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Infinite Diversity in Infinite Combinations

For what it’s worth, I wore a rainbow ribbon to church yesterday in support of same-sex marriage.

Rainbow Ribbon

I realize that I don’t live in California where the letter from the First Presidency was to be read, but I wanted to do something. I’m probably motivated a bit by the my regret for having supported the amendment to my state’s constitution to ban same-sex marriage. For whatever reason, I couldn’t sit quietly as the LDS church works to force its view of marriage on all citizens of this nation.

I didn’t expect any overtly negative responses. Except on the internet, Mormons are generally too polite for that. If anybody asked, I had a few practiced answers:

  • I’m wearing the ribbon in commemoration of the Stonewall Riots which jump started the movement to recognize the rights of people of all sexual orientations.
  • I’m want to promote recognition of the human right to same-sex marriages and equal protection under the laws of the United States.
  • I’m celebrating the diversity that makes us as human beings so beautiful.

A few people cast furtive glances in the direction of my ribbon. I assume most people had no clue why I was wearing it. I might consider wearing it again if in the future the LDS church goes beyond just sending a letter to California congregations.

One moment toward the end of church beautifully captured what the rainbow ribbon represented to me. I was sitting in the foyer reading The Dharma Bums. An elderly man shuffled into the foyer to attend the Spanish-speaking ward that meets after my family’s ward. After a minute or two, he approached me and asked—through gestures and broken English—if I would help him put on his tie. I took the tie from his tremoring hand, tied it loosely on myself while he fumbled to button his collar, took the tie off my own head, slipped it down over his head and around his neck, turned his collar down, and straightened the tie. He thanked me and sat down.

It was a simple gesture but to me it illustrated people coming together despite differences to help meet our needs and make the world a more humane place.

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  1. Anonymous said,

    June 30, 2008 @ 11:48 am

    what makes you think gramps even noticed your homo ribbon pin? Even if he noticed, do you really think he knows what it means? Don’t flatter yourself.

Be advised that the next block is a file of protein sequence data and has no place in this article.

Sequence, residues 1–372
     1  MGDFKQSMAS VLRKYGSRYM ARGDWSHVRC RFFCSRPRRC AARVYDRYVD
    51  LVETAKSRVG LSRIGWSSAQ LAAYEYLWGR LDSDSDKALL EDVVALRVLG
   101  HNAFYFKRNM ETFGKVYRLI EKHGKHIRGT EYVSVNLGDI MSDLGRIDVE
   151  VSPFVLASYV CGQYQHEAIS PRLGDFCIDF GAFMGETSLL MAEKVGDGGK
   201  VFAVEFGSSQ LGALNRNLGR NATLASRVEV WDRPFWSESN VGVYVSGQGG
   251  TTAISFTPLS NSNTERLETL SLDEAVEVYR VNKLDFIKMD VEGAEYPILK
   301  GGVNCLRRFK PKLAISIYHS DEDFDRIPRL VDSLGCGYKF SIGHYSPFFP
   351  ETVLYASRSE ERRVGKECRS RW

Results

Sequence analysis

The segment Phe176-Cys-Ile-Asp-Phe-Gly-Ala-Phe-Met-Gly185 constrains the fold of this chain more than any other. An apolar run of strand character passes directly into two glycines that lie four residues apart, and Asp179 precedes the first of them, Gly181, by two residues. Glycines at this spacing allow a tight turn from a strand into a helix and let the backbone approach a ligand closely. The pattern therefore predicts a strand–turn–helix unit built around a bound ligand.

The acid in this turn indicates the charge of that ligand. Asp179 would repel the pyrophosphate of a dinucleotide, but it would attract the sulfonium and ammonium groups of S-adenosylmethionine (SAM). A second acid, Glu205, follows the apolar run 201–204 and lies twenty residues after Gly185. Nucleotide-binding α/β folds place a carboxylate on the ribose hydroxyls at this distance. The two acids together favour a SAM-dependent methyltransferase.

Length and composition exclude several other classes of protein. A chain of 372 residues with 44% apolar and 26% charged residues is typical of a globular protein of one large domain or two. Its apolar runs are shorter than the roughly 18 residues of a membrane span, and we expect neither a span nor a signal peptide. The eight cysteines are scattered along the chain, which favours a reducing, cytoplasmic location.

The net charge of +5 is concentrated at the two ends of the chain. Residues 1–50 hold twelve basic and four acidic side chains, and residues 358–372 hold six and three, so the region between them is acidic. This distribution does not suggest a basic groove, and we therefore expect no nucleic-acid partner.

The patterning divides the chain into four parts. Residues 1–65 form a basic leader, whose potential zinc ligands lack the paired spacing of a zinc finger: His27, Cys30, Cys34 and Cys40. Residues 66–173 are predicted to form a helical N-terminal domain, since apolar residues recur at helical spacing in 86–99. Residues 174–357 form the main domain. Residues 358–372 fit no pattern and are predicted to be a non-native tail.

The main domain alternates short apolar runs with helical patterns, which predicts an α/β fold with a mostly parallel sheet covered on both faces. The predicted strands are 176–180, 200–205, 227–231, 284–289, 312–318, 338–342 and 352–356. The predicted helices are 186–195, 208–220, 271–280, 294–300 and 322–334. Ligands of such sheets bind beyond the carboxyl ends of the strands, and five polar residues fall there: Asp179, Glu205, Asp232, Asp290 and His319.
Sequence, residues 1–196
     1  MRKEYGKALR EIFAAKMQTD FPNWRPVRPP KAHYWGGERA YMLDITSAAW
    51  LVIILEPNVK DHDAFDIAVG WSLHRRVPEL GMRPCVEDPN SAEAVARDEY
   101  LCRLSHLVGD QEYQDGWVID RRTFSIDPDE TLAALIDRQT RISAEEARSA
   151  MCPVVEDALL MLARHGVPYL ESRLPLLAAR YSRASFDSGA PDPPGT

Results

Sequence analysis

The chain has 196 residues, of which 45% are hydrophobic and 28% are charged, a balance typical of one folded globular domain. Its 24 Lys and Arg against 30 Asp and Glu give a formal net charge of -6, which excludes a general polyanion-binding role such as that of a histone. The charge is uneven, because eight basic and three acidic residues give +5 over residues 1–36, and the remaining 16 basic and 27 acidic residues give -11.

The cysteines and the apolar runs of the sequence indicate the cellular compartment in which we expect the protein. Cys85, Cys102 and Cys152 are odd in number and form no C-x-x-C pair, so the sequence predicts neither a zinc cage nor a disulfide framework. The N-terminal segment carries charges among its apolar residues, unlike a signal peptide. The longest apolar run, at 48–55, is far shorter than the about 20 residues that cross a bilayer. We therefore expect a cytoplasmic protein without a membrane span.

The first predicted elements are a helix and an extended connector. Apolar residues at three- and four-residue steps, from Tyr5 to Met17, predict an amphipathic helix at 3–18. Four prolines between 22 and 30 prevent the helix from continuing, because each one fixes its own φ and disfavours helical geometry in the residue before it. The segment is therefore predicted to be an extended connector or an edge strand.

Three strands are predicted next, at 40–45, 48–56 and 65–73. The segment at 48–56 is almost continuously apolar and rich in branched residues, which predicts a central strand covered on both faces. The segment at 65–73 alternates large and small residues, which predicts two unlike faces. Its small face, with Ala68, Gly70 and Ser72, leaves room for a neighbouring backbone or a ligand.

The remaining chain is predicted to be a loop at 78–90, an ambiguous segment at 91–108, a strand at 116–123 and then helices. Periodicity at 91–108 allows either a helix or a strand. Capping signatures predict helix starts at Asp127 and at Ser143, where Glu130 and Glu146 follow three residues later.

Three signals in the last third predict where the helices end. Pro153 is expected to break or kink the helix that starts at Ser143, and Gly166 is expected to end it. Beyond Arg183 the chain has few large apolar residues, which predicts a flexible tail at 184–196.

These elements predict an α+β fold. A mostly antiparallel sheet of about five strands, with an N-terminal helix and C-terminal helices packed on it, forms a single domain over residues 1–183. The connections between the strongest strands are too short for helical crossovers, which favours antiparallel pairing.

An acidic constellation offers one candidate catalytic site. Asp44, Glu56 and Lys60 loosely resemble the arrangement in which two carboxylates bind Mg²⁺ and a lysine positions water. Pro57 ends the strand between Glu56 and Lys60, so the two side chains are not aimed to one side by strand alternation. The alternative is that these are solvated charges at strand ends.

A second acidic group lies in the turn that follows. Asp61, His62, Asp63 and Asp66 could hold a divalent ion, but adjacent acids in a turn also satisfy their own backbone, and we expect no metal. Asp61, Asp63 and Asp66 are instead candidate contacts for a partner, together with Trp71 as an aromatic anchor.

2. Jonathan Blake said,

    June 30, 2008 @ 11:56 am

    Such kind words!

    I have no illusions that he noticed my ribbon or knew what it meant. It was just a nice moment between two people. That’s all it was. Truthfully, I wish silly ribbons weren’t necessary. I wish we could all just be kind to each other and grow beyond the petty things that divide us.

    Your response makes me think we have a long way to go. There is so much hatred and fear in the world.

  3. Jonathan Blake said,

    June 30, 2008 @ 12:03 pm

    Just curious, Anonymous, are you the fulfillment of my statement “Except on the internet, Mormons are generally too polite for [overtly negative responses]“? :lol:

  4. TAG said,

    July 1, 2008 @ 12:20 pm

    I thought you would find this
    funny, Jonathan.  Oh, the power
    of a word!

  5. MoHoHawaii said,

    July 1, 2008 @ 12:48 pm

    God bless you, Jonathan.

  6. Jonathan Blake said,

    July 1, 2008 @ 12:53 pm

    TAG, that is funny and fitting in a way. Their gaffe is like an object lesson about when we go through blindly making the world fit our own worldview.

    MoHoHawaii, thank you, though I hope I can be of better use than just symbolic gestures.

  7. Fallon said,

    July 3, 2008 @ 9:57 pm

    I have to say Jon, this is probably the only thing we agree on….lol… I feel the same way you do, I believe that if two people love each other ( whether they be same sex or not) and they want to express that love by getting married, than why shouldn’t they be allowed to?!? Who are we to say that they don’t have the right to want to spend the rest of their lives together?!?

  8. Jonathan Blake said,

    July 4, 2008 @ 7:24 am

    Fallon, I’m happy that we can find at least one thing to agree on. :)

    It doesn’t make sense to me either. I wouldn’t stand by and let the government dictate to me whom I could marry and spend my life with. I can’t expect anything less from my homosexual friends and neighbors.

  9. Green Oasis » Pink with a Wink said,

    July 9, 2008 @ 9:35 am

    [...] you tired of all those passive-aggressive, self-righteous prigs who wear stupid ribbons to let you know how concerned they are? Do you find the pink ribbon regime oppressive? Still want [...]

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